<Call class="org.jboss.weld.environment.jetty.WeldServletHandler" name="process">
        <Arg>
            <Ref id="webAppCtx"/>
        </Arg>
    </Call>
</Configure>

Package all the files (MainServlet25, Hello, World, WEB-INF/jetty-env.xml, WEB-INF/jetty-web.xml, beans.xml and web.xml) into a war and deploy it into Jetty 6.x. Go tohttp://localhost:8080/bootstrapping-servlet25-jetty6/mainServlet and you will see your Hello World page.

There was a mistake in the Weld documentation so I couldn’t make it work. I started a thread on the Weld forum and thanks to Dan Allen , Pete Muir and all the Weld team, this was fixed and I managed to make it work. Simple as posting an email to the forum. Thanks for your help guys.

Spring 3.x

Here is the tricky part. Spring 3.x implements the JSR 330 : Dependency Injection for Java, which means that @Inject works out of the box. But I didn’t find a way to integrate CDI with Spring 3.x. The Weld documentation mentions that because of its extension points, “integration with third-party frameworks such as Spring (…) was envisaged by the designers of CDI“. I did find this blog that simulates CDI features by enabling Spring ones. What I didn’t find is a clear statement or roadmap on SpringSource about supporting CDI or not in future releases. The last trace of this topic is a comment on a long TSS flaming thread. At that time (16 december 2009), Juergen Huller said “With respect to implementing CDI on top of Spring (…) Trying to hammer it into the semantic frame of another framework such as CDI would be an exercise that is certainly achievable (…) but ultimately pointless“. But if you have any fresh news about it, let me know.

Conclusion

As I said, this post is not about explaining CDI, I’ll do that in future posts. I just wanted to focus on how to bootstrap it in several environments so you can try by yourself. As you saw, it’s much simpler to use CDI within an EJB 3.1 or Servlet 3.0 container in Java EE 6. I’ve used GlassFish 3.x but it should also work with other Java EE 6 or Web Profile containers such as JBoss 6 or Resin.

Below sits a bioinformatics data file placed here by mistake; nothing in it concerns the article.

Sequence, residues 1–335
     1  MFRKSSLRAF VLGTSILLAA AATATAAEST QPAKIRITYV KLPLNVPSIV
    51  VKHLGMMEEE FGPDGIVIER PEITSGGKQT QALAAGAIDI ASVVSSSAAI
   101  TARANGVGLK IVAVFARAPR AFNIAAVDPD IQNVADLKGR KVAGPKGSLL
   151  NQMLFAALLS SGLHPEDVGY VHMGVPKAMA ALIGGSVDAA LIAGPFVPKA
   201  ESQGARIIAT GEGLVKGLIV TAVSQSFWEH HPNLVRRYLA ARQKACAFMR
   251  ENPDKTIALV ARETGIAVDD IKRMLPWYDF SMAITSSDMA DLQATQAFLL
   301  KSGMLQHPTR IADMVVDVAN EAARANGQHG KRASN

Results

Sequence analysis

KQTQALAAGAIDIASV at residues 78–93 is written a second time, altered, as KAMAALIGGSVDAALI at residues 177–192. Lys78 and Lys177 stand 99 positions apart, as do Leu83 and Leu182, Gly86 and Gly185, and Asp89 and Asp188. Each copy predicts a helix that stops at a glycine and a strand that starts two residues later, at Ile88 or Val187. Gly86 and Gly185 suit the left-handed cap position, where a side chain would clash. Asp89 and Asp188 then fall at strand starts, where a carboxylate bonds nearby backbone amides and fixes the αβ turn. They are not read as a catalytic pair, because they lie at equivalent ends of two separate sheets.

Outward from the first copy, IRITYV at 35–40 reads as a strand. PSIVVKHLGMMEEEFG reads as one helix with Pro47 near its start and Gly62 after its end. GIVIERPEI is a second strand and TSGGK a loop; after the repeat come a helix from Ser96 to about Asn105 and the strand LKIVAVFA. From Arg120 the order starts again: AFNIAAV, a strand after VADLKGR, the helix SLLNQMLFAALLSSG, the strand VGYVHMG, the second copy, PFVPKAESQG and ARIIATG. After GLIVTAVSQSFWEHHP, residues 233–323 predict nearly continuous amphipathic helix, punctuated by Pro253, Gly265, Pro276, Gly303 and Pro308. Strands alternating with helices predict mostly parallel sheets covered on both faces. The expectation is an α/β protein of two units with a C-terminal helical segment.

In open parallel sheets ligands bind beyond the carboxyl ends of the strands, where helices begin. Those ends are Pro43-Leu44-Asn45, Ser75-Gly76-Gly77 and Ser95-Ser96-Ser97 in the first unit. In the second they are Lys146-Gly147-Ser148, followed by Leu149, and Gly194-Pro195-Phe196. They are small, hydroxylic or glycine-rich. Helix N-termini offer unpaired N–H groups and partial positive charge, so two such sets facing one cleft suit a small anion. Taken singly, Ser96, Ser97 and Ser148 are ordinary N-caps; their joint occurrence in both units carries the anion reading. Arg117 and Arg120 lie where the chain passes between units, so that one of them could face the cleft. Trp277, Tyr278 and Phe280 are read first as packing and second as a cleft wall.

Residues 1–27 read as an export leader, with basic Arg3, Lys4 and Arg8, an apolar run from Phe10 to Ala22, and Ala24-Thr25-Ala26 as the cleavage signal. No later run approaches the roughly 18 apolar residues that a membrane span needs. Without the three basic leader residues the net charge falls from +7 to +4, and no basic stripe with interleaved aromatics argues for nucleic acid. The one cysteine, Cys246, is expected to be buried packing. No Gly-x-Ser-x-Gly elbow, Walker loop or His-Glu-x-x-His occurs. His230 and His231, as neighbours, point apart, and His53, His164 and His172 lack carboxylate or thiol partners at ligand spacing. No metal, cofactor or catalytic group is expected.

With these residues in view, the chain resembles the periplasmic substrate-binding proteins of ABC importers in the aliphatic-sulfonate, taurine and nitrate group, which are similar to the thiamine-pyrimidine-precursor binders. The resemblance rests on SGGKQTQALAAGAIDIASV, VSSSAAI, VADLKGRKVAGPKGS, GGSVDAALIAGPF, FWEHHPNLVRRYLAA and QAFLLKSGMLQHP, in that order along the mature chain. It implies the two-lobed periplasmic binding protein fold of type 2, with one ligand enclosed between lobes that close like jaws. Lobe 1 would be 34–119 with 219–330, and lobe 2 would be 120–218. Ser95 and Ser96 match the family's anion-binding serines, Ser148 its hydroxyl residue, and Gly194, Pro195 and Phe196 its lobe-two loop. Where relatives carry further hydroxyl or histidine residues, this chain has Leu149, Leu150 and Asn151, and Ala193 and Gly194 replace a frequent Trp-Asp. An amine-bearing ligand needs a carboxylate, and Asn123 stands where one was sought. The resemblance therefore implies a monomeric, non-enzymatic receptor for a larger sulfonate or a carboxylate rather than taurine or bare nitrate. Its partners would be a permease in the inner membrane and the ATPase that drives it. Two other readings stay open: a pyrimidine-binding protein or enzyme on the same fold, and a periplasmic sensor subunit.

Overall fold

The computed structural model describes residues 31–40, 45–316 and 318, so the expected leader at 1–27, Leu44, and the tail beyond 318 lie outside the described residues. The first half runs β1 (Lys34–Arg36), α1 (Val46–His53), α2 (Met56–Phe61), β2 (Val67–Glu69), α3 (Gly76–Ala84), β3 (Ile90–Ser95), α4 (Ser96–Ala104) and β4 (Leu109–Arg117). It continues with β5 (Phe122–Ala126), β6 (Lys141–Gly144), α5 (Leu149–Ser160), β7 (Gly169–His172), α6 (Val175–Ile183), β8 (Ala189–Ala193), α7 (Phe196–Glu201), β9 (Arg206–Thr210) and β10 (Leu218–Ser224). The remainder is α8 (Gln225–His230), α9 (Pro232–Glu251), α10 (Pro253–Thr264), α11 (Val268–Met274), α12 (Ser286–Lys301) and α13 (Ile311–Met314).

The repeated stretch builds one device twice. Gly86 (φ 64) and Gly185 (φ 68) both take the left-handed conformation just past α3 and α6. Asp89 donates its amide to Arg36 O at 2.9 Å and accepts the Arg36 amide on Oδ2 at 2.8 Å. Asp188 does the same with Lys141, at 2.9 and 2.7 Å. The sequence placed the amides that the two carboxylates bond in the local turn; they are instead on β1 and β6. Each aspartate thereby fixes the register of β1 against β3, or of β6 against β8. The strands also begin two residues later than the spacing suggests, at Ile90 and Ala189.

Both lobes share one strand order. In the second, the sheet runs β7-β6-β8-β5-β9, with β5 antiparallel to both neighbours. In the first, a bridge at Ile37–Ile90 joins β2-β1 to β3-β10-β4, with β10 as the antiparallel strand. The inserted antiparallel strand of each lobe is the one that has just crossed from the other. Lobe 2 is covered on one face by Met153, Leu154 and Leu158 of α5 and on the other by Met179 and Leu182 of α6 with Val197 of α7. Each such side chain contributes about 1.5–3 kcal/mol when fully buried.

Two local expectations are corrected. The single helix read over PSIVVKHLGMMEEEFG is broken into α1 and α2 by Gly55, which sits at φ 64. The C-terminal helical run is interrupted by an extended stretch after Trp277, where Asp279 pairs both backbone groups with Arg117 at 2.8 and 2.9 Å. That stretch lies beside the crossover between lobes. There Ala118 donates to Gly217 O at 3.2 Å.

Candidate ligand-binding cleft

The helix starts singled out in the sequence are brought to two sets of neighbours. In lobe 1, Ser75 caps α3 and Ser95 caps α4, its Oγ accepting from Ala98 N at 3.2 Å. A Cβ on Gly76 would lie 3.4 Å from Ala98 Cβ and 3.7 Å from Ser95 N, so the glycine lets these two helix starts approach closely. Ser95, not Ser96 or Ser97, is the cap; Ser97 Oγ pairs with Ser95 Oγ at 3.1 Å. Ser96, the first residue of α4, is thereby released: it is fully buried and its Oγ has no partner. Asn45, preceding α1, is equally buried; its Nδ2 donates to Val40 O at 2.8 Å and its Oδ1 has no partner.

When you don’t use Java EE 6, there is a bit more work to do. Depending on your environment or servlet container you need some configuration to bootstrap Weld. By the way, I’ve used Weld because it’s the reference implementation, the one bunddled with GlassFish and JBoss. But you could also use OpenWebBeans, another CDI implementation.

Download the code, give it a try, and give me some feedback.

 

From http://agoncal.wordpress.com/2011/01/12/bootstrapping-cdi-in-several-environments/

Published at DZone with permission of Antonio Goncalves, author and DZone MVB.

(Note: Opinions expressed in this article and its replies are the opinions of their respective authors and not those of DZone, Inc.)

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Comments

Jacek Furmankiewicz replied on Thu, 2011/04/28 - 8:38am

Thank you for the write up. At first I ignored Java EE 6 from afar, but after reading up a bit more about CDI I finally realized its power. it's the first worthy contenter against Spring in the DI world from the JSR camp, you can see a lot of Guice influences in it (not surprising).

Reza Rahman replied on Thu, 2011/04/28 - 1:11pm

As to integrating CDI with Spring, we are working on it as discussed on the TSS flame-fest. More details here: http://rick-hightower.blogspot.com/2011/04/cdi-and-spring-living-in-harmony.html. There is also a Seam 3 module for it: http://seamframework.org/Documentation/Seam3Modules#H-SpringIntegrationLedByMariusBogoevici.

As to SpringSource doing the CDI integration piece/supporting CDI, I think a snowball has a better chance in hell :-).

Rick Hightower replied on Fri, 2011/04/29 - 2:53am

Thanks for the plug Reza.
Spring and CDI living in harmony shows how to use the @Spring qualifier to inject Spring beans into CDI (which uses a custom Spring integration extension for CDI)
It is possible to inject CDI beans into Spring and Spring beans into CDI. It is even possible to inject CDI beans into Spring beans that have Spring injections that have CDI injections. :)
A more detailed write up is coming soon. But the blog post and a github project is out there in the mean time if you are curious. This is a real project and it has working code.
Check out these as well:
CDI Meet Spring, github project
Initial prototype to get the Spring Bridge for CDI working
Mapping every CDI bean into Spring application context with one line of XML

The CDI extension piece would not have been possible without help from the core Caucho/Resin Engineering team. The CDI/Spring extension works with Weld, OpenWebBeans and Resin Candi.

Luciano Vernaschi replied on Mon, 2014/08/18 - 2:18am

Hi, code download doesn't work anymore.